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Chindongo flavus



P. flaus location map

Former name: Pseudotropheus elongatus sp. "dinghani", Pseudotropheus flavus
Distribution: bounded to a small Chinyankhwazi Island, Lake Malawi
Size: 8 - 12 cm

Conditions in my tank:
Temperature: 25-26 °C, 29 °C in summer
Temporary hardness: 8 °dKH
Total hardness: 15 °dGH
pH: 7.46
NO2: 0 mg/l
NO3: 40-60 mg/l


P. flavus - maleColoration
Chindongo flavus is, in my opinion, an underestimated species. It is one of the smaller cichlids, the male has beautiful black-yellow strips and are not difficult to keep. The little attention by fish keepers is probably caused by the not attractive, grey-brown coloration of the females. The females are slightly smaller than the males. The adult coloration of the males appears when they reach the size about 5 cm. From the six fishes I bought at the size of 4 cm, only one fully colored up and it meant that there is 1 male per 5 females. Despite this fact, that male was fully colored. The females have the dark brown stripes sometimes.

Keeping
The aquarium volume with about 200 litres is enough to keep them successfully. It is possible to keep them with other cichlids of Lake Malawi as tankmates, but then in the bigger tanks. The tank decoration should copy the natural habitat of the fishes, it means rocky litoral. It is suitable to create a few caves between the rocks. The male is bounded to certain territory and is ejecting any fishes out of that place. However, I have never observed the high degree of aggressivity in these fishes. There are not serious attacks on the females or other fish species. Despite of the fact that there is not strong conspecific aggressivity shown, I recommend to buy about 12-15 young fishes. The male is adjusting his territory digging the cavities all the time. If I destroy the hollows during the cleaning the tank, he will make new ones next day. The cavities are made in the back side of the tank between the rocks preferably.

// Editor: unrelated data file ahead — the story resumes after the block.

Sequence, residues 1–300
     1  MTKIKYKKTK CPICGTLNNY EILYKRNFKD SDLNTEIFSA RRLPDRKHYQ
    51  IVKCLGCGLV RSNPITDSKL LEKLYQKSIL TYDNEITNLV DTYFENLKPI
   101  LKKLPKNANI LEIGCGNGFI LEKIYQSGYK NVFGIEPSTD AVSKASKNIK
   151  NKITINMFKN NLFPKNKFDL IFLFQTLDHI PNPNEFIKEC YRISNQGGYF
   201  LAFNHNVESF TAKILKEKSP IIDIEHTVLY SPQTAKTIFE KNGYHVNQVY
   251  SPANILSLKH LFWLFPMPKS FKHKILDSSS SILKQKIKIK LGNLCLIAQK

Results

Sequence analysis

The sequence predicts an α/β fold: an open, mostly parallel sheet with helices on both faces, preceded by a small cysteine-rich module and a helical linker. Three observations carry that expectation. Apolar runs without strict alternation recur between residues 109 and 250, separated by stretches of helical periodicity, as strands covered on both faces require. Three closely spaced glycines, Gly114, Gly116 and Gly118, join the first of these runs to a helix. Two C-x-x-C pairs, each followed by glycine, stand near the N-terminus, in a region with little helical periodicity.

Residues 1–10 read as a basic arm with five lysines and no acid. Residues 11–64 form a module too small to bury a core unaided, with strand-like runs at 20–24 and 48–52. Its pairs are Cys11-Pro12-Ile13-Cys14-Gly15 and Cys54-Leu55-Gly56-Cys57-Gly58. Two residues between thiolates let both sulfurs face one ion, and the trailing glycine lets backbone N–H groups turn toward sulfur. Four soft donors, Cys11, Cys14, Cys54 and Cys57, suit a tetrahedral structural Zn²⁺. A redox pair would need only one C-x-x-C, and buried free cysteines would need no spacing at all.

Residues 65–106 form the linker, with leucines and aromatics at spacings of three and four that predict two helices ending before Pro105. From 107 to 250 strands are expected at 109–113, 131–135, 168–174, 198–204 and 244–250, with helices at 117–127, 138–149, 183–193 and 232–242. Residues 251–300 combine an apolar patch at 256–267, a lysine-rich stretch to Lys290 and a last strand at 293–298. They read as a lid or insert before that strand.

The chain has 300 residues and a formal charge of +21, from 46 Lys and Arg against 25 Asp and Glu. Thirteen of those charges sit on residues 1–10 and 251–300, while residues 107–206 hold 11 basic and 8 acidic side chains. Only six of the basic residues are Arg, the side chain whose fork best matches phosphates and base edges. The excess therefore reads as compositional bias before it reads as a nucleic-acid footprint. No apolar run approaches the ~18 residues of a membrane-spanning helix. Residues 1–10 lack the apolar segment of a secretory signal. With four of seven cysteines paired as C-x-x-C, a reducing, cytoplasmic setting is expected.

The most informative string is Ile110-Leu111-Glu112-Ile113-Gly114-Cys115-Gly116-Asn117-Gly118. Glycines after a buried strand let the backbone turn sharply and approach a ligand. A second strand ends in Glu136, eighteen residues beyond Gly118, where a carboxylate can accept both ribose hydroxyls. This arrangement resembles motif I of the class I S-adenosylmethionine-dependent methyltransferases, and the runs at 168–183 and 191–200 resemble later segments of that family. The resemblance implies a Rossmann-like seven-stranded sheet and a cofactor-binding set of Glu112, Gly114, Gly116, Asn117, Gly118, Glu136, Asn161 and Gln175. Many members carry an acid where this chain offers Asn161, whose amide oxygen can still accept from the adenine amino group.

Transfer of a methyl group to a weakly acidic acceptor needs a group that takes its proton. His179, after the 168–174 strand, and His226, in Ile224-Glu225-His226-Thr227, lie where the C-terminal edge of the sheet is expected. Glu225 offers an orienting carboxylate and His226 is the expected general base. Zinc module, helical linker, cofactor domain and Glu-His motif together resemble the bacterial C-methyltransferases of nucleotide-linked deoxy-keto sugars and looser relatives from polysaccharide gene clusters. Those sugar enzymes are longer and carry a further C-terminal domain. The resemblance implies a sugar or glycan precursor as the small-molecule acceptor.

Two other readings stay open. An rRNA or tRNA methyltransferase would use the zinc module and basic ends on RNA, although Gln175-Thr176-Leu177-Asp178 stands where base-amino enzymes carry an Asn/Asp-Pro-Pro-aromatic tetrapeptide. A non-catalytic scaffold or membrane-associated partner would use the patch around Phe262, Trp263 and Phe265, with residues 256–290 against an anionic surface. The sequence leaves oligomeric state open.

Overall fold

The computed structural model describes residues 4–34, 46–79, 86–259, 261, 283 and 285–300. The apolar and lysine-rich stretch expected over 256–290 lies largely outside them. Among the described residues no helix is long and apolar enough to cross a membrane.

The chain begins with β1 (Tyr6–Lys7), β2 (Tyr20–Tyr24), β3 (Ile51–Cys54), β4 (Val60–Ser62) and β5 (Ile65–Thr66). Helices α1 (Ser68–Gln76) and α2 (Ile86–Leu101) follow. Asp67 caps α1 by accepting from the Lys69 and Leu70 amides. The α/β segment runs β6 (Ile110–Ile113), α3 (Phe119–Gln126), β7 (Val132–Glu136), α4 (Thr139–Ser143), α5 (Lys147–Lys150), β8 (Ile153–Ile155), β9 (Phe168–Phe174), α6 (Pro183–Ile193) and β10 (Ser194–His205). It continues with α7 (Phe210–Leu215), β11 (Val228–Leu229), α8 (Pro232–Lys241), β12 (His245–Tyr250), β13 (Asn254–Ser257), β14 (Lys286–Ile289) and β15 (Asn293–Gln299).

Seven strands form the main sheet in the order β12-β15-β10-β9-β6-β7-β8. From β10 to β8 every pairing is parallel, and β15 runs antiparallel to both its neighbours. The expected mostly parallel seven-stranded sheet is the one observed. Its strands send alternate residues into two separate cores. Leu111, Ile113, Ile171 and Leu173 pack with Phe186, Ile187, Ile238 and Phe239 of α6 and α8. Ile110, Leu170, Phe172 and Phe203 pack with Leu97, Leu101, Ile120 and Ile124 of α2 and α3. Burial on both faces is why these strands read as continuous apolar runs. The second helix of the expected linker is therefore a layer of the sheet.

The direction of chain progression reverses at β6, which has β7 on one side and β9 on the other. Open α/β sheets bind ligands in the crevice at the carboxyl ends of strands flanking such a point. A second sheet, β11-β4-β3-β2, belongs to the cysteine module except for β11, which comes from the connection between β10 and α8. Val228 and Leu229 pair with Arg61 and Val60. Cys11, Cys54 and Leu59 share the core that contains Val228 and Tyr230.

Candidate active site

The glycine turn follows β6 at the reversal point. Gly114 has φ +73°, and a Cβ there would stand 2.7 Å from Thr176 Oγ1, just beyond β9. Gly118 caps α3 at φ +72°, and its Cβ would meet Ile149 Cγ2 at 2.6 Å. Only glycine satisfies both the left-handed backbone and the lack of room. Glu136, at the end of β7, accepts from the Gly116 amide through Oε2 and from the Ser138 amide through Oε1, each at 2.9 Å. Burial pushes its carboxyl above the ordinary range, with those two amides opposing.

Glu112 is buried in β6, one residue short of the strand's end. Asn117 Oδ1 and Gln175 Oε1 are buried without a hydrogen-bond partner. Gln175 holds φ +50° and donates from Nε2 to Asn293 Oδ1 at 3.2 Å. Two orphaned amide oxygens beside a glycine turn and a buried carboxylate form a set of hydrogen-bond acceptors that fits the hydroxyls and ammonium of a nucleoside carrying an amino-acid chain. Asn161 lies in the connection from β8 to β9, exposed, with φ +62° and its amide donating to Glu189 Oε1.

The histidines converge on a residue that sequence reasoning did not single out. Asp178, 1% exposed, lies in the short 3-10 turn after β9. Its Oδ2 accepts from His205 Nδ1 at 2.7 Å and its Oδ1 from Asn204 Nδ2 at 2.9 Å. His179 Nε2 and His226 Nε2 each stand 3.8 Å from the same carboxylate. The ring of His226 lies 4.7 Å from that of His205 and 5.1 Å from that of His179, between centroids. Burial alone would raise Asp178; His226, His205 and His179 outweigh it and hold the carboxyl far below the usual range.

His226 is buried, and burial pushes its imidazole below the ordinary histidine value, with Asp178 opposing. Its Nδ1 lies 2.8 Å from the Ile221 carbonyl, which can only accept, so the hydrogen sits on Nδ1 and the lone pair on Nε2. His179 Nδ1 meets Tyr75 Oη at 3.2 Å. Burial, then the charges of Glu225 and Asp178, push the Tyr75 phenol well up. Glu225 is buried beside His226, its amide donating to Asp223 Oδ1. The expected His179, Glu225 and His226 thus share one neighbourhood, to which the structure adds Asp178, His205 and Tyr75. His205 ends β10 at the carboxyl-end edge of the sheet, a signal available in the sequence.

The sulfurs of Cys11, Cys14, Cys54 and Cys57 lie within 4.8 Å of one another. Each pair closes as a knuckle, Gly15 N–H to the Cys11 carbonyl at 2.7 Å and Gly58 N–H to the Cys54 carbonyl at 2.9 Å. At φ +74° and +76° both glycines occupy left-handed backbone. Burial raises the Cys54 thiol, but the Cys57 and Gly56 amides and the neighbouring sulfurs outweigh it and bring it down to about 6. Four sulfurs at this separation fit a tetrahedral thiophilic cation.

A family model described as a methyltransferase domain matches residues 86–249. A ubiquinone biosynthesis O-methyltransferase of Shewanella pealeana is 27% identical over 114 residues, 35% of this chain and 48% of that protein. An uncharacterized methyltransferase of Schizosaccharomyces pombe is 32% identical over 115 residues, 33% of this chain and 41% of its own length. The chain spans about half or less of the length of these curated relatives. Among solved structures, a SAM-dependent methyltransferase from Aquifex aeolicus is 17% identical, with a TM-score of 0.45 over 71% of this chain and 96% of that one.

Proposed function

P. flavus - female Breeding
The male chooses the suitable place near the bigger stone and digs the small hole about 10 cm in diameter before the spawn. In this nest the spawn happens. The shaking male, which is colored nicely attracts the ready female to the nest. The female is ready when you can see the ejected urogenital papila. They spawn like other mouthbrooders dancing in the circle and releasing the eggs and sperm in T-position. The female is chasing the fake eggs on the anal fin of male and he is releasing the sperm into the water and female’s mouth. The female can stay in the main tank after the spawn. She swims with the mouth full of eggs all over the tank and even chases other females.

The holding females are not shy and try to take small pieces of food. The male is spawning with all the females in the tank on a regular basis. Sometimes the females are synchronized and a few of them may spawn during one week. Then the amount of fry of the same size is higher. Approximately 15-18 days after the spawn the fry are released in number of 10-30 which depends on the female’s size and age. If they were released in the main tank they had never survived. If someone wants to grow them it will be better to move the female on day 15 to other small tank (20 litre is enough) and she will spit the fry there.

P. flavus - holding femaleThe fry grow with no problems because they can be fed with dry food, like small granules. It is very advisable to feed live food (cyclops, brine shrimps). By my experience, they don’t take the frozen cyclops at the beginning. I have observed that some of the fry started to exhibit aggressivity only 2 days after they were released from the mother’s mouth. Two-three fry imposed and fighted near the stone. It’s interesting because I have never observed the intraspecific brutal attacks. It is true that there was only one male and it is possible that with 2 or more males there could be a serious fights.

Feeding
The feeding the adults should be vegetable based but they thrive laso with the quality flakes which have not the higher amount of vegetable components. I used to feed them flake food Sera Flora, Sera San, Tropical Spirulina, Tropical Vegetable, O.S.I. Spirulina. The mixture contained 50% of Sera Flora and 50% of other flakes plus crushed dry shrimps. The frozen cyclops were added few times a week. I used to feed 3 times a day carefully because they are very voracious.


P. flavus - 2 weeksP. flavus - young male - 3 months Conclusion
I recommend this cichlid also for less experienced fish keepers. It is very hard fish and breeds easy. In addition, this fish has an interesting, in Pseudotropheus genus unusual longitudinal body which makes it together with nice coloration and active swimming among the rocks very attractive.

Copyright © 2003 - 2017 Robert Toman

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